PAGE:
Prior doesn’t blame Dusty for his arm woes

NEW YORK — There have been a lot of theories for why Mark Prior‘s arm became too fragile to live up to the incredible hype he carried into his Major League career. 

They talked about how he delivered pitches with that dreaded inverted ‘W’ (where your elbows lift above and beyond the level of your shoulders). They mentioned scapular loading (when pitchers pinch their shoulder blades together). They chalked it up to bad luck. 
And, perhaps most of all, they blamed Dusty Baker
Baker, now skipper of the Reds, managed Prior with the Cubs from 2003-06. In ’03, the year the Cubs were one win away from reaching the World Series, Prior was 23 and as good as any pitcher in baseball. But perhaps too young to pitch in 211 1/3 innings in the regular season, then 23 1/3 more in the playoffs. 
Prior, of course, succumbed to an inhuman amount of arm troubles thereafter, to the point where he hasn’t appeared in a Major League game since 2006 (and just one Minor League inning since then — this past September). Even he can’t pinpoint exactly what went wrong. 
But he’s not putting the blame on Baker. 
“Dusty is a manager who got hired to win ballgames, and Dusty went out and managed to win ballgames,” he told me in a phone interview recently. “I don’t fault Dusty. I was 21, 22 years old in the heat of that. I wouldn’t have changed anything about that, either. I wouldn’t have taken myself out. And a lot of those games, I argued to stay in a lot of those games, because I knew what it meant to that team and what we had a chance to do. I didn’t expect to turn around and start having issues.”
After frustrating setback after frustrating setback, Prior got back on the mound late in the 2010 season by pitching against a low-grade level of competition in the independent league. Then, he pitched one inning for the Rangers’ Triple-A affiliate before signing a Minor League contract with the Yankees.  
Prior was picking between the Rangers and Yankees this offseason, but chose New York because he felt the makeup of their bullpen gave him a better shot to pitch in the big leagues again. 
Right now, that’s all he’s thinking about.  
“That’s my first goal, is to get back to the big leagues, earn my way back,” he said. “I don’t expect to get handed anything and know that I’m not going to get handed anything. So I expect to earn my way back to the big leagues, and then once I’m there, go out there and pitch the way I know how to pitch. And try to help the Yankees win ballgames.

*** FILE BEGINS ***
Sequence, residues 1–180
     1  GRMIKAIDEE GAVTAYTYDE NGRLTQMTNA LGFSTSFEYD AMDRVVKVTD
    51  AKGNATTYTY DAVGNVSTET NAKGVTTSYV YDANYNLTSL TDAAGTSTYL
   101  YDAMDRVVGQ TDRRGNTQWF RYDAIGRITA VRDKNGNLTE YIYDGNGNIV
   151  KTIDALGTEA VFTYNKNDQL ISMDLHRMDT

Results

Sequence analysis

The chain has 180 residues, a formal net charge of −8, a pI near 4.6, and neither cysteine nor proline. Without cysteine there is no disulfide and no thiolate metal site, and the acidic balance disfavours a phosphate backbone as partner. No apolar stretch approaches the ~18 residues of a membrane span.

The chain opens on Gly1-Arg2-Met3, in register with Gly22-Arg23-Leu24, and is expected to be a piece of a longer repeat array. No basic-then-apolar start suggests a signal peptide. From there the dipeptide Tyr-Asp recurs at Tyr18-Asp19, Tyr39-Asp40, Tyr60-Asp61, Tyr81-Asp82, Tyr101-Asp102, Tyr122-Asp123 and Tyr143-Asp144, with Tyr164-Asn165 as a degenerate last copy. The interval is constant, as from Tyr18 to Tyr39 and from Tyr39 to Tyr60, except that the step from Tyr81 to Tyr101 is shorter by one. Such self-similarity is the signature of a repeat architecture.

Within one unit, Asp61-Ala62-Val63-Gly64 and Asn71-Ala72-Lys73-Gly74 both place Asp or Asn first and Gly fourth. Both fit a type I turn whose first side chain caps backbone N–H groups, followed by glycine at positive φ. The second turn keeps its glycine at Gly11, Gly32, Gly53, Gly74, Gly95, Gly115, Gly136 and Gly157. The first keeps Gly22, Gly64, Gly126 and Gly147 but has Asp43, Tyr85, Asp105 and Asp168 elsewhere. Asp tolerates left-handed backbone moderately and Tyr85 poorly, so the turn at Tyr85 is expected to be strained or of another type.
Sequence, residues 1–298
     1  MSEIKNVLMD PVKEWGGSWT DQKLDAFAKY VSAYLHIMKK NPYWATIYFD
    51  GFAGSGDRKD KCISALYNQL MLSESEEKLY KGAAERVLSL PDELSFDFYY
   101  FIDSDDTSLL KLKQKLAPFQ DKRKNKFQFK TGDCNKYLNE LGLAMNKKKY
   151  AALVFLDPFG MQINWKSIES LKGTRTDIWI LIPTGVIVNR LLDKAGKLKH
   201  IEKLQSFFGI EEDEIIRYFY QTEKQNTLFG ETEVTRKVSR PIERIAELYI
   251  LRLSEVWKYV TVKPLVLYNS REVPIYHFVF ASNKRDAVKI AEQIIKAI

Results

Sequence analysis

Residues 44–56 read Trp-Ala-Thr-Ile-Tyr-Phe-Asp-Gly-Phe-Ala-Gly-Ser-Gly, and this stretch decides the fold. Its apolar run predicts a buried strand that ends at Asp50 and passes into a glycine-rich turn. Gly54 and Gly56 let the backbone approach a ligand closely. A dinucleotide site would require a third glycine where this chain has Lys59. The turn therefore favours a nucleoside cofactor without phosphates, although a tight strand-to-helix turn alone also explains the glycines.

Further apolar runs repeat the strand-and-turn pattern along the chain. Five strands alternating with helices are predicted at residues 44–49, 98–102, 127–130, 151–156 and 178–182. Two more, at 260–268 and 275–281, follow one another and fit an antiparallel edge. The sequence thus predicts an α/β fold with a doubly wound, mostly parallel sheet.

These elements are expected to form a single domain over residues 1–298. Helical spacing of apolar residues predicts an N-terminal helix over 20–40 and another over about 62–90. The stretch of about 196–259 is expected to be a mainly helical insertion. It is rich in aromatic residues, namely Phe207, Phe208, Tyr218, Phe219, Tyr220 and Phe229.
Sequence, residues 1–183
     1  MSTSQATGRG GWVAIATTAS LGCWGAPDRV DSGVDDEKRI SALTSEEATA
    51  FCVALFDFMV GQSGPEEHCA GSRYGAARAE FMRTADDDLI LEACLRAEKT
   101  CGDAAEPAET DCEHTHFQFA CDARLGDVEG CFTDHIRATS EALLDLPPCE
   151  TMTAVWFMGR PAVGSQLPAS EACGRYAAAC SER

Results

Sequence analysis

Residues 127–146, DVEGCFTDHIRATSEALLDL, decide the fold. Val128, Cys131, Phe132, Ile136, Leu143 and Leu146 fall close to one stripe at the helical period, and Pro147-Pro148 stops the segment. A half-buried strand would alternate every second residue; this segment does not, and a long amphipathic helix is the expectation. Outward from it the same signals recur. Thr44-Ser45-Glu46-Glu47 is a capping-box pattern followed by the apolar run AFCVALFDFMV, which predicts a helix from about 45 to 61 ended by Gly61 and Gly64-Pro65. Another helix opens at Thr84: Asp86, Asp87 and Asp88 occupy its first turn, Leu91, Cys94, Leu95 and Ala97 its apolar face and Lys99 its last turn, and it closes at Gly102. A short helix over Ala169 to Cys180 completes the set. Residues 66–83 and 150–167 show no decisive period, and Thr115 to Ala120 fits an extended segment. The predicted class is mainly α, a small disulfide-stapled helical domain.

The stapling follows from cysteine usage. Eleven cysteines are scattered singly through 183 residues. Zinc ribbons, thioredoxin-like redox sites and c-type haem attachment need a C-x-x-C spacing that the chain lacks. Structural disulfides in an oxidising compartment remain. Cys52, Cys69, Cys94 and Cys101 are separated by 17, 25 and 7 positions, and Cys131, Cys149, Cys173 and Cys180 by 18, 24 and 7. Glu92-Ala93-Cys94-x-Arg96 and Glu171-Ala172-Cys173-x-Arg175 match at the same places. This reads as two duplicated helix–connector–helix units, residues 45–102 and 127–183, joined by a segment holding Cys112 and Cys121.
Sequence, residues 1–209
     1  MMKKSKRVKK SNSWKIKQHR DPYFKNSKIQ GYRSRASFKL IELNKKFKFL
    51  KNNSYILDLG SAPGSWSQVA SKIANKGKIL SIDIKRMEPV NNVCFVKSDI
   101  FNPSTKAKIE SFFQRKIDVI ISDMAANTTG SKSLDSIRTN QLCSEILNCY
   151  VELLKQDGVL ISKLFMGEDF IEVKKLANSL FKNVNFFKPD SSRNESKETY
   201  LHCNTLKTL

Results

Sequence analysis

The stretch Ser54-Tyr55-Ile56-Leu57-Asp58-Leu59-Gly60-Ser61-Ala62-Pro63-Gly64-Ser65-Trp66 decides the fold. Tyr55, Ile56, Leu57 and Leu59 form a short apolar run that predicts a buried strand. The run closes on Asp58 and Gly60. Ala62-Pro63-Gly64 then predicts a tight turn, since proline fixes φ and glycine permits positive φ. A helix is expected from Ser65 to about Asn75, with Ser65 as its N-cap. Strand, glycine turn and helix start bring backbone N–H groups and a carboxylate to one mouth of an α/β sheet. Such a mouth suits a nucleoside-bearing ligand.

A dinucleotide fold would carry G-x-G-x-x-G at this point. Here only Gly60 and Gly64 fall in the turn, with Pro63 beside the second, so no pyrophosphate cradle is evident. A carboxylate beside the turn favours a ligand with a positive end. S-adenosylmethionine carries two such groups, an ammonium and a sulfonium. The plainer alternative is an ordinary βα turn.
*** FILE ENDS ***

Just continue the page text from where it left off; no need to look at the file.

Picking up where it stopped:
“I know that sounds cliche, but definitely, where I’ve been and the point in my career, where I’m at now, for me the ultimate goal is just to get out there and win.”
I’ll have more from Prior on MLB.com in a couple of weeks. 
– Alden Gonzalez

More on pitchers: Here’s why, considering the circumstances, the Royals did pretty good in their Zack Greinke trade; and here’s why the Rays are right to shop Matt Garza

And here’s a story on the state of African-Americans in the Majors. 

2 Comments

he was 74, he could have very well been living with or near flmaiy due to his age, or just because that’s where his flmaiy was.Beyond that, a lot of people go where the work is, etc. As someone who has moved from one state to another twice I can say that it’s not as easy as you insinuate.The comment I originally responded to said “California gets what they voted for” I’m sorry but again I doubt this man, nor anyone voted to get beaten to death with a bat.This man was in a WalMart presumably minding his own business. At what point did he bear any responsibility for being beaten to death with a bat?Because that’s what your saying, that at least in part this was the victim’s fault.Answer this–should the perpetrator get a lesser sentence? Based on your logic blame is to be shared between the victim and the perp. Like you said, the vic could have simply fled the state.Also, would you be blaming the vic if he lived in say, Oregon (where I live) where CC is relativity easy to get? Because other than that, I’m not really sure what the difference is. You’re also assuming a lot: even if this would have taken place in a state w/different laws, the vic still would have needed an opportunity to act and/or someone (bystander) would have needed/been willing to act on his behalf. That’s not taking into account that someone would have needed the means to intervene (most CC permit holders don’t carry regularly). Would it have changed the odds to have a person w/CC there? Probably, but it may have not necessarily changed the outcome if someone was not able/willing to act and to assume that it would have is highly ignorant.Also, would you be willing to tell the vic’s flmaiy, to their, face, that his beating and death was, at least partly, his fault?

Want the double-blackout bonus? Live in a TWC area of San Diego (or U-Verse). Since Fox Sports aueqircd the Padres’ local broadcast only customers of Cox Cable and DirecTV get the local games. So for us TWC subscribers (as in Del mar) who also have MLB.TV, we have to attend the games to see the padres, which is difficult when they are on the road. Niether AT&T or TWC has yet to come to terms with Fox, so 45% of San Diego county is on a Padres blackout full time.

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